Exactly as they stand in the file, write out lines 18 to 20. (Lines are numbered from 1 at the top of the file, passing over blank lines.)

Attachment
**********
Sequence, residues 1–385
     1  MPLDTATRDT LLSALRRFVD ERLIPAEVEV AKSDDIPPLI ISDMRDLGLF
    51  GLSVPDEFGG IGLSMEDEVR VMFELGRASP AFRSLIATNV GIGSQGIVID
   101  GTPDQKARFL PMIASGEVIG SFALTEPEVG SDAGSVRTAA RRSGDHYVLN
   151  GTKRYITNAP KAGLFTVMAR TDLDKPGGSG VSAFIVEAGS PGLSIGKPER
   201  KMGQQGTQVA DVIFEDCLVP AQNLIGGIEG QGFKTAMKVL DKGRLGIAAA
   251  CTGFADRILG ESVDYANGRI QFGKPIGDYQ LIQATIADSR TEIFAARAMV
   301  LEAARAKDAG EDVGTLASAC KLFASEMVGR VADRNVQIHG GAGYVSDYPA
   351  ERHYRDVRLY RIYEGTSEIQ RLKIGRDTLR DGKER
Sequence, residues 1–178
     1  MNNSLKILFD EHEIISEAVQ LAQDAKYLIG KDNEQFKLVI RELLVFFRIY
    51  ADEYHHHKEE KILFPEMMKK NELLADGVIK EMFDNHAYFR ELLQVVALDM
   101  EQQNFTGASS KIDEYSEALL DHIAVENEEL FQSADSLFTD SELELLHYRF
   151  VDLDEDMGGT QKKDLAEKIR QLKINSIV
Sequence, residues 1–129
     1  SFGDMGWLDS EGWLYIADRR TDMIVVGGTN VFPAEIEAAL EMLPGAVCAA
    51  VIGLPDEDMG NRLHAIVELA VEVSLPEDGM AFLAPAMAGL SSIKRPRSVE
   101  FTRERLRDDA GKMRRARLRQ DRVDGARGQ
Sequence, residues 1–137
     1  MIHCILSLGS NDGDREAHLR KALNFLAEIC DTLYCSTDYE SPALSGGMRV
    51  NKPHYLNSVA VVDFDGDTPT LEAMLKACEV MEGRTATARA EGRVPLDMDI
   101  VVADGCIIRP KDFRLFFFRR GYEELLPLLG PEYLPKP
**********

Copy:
   101  FTRERLRDDA GKMRRARLRQ DRVDGARGQ
Sequence, residues 1–137
     1  MIHCILSLGS NDGDREAHLR KALNFLAEIC DTLYCSTDYE SPALSGGMRV